AstraZeneca becomes the fourth pharmaceutical giant in the last three years to admit to federal charges of illegal marketing of antipsychotic drugs, a lucrative category of medications that have quickly risen to the top of United States sales charts.In addition, the article reports
The company has been accused of misleading doctors and patients by playing up favorable research and not adequately disclosing studies that show Seroquel increases the risk of diabetes
The biggest problem with the aggressive marketing of these drugs is not, however, the metabolic side effects. Rather it is the fact that their use stops clinicians from thinking in a meaningful way about how to help their patients. The promise of a quick fix is too hard to turn down, particularly in the face of pressure from the health insurance industry to see many patients in a short period of time.
I recently attended a conference on child psychiatry aimed for an audience of primary care clinicians. Child psychiatrists from major medical centers in the Boston area described current treatment for children who are “irritable” or ”dysregulated." Increasingly children as young as 3 with these symptoms are being prescribed atypical antipsychotics, the class of drugs AstraZeneca has allegedly been illegally marketing.
The head of the course actually recommended that the audience of pediatricians prescribe these medications to their patients, with little more than phone consultation from a child psychiatrist, because of a shortage of specialized services.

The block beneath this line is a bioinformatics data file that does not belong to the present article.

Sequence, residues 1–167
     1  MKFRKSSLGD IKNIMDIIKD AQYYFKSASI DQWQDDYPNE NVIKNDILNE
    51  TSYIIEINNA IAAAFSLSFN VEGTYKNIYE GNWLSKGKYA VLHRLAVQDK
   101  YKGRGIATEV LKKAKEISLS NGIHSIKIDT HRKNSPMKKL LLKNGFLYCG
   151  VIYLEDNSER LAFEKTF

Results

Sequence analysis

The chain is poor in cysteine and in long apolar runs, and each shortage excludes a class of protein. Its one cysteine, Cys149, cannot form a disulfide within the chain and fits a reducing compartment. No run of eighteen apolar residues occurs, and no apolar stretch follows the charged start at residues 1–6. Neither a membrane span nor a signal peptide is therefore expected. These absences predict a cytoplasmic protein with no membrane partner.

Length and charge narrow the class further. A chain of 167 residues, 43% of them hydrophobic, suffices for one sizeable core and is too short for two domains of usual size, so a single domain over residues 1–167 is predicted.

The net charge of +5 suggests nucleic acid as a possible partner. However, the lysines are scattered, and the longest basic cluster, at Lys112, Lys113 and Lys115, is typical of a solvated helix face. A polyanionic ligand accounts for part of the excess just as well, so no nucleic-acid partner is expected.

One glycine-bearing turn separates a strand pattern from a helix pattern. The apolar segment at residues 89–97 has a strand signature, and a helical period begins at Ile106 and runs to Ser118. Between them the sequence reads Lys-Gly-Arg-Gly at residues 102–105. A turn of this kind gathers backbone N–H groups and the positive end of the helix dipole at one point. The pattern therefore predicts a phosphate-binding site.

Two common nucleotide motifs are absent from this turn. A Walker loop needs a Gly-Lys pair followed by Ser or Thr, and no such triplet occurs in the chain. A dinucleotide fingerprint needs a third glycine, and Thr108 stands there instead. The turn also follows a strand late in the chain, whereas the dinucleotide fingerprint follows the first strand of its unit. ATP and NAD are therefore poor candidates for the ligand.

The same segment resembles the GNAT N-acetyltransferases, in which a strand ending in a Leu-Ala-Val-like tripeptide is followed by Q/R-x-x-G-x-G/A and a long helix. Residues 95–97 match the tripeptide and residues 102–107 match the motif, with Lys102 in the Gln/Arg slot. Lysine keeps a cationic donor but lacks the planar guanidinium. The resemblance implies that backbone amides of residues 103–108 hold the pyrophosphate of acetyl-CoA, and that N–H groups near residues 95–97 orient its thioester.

I doubt the psychiatrists leading that conference would like to think of themselves as being influenced by marketing in their clinical practice. But I have to wonder. As the article in the Times states "As a result of aggressive marketing, Seroquel has been increasingly used for children and elderly people for indications not approved by the FDA."
At that full day presentation about childhood psychiatric disorders there was extensive discussion about psychoactive medication. But not one mention was made of relationships.
Contemporary research in developmental psychology, which does not have the monetary clout of the drug industry, offers a completely different paradigm from which to understand and help "dysregulated" children. I have addressed these ideas elsewhere on my blog. The essential point of this research is that children develop the capacity to regulate emotions in the context of relationships.
When a child does not have a well developed capacity for emotional regulation, it is likely due to a combination of a child’s genetic vulnerability to dysregulation, and a parent’s capacity to think about and understand the meaning of a child's behavior. The co-regulation of emotion in a caregiving relationship can lead to changes in the biochemistry of the brain, and changes in the way the brain handles stress and strong emotions.
AstraZeneca reported $4.9 billion in Seroquel sales in 2009. That kind of money will never be earned from interventions that support parent-child relationships. But these interventions do not cause weight gain and metabolic disorders, big problems in a population of children already at risk for obesity. And by investing in relationships, we will help the next generation of children grow up to be resourceful, flexible, socially adaptive members of society. Isn't that invaluable?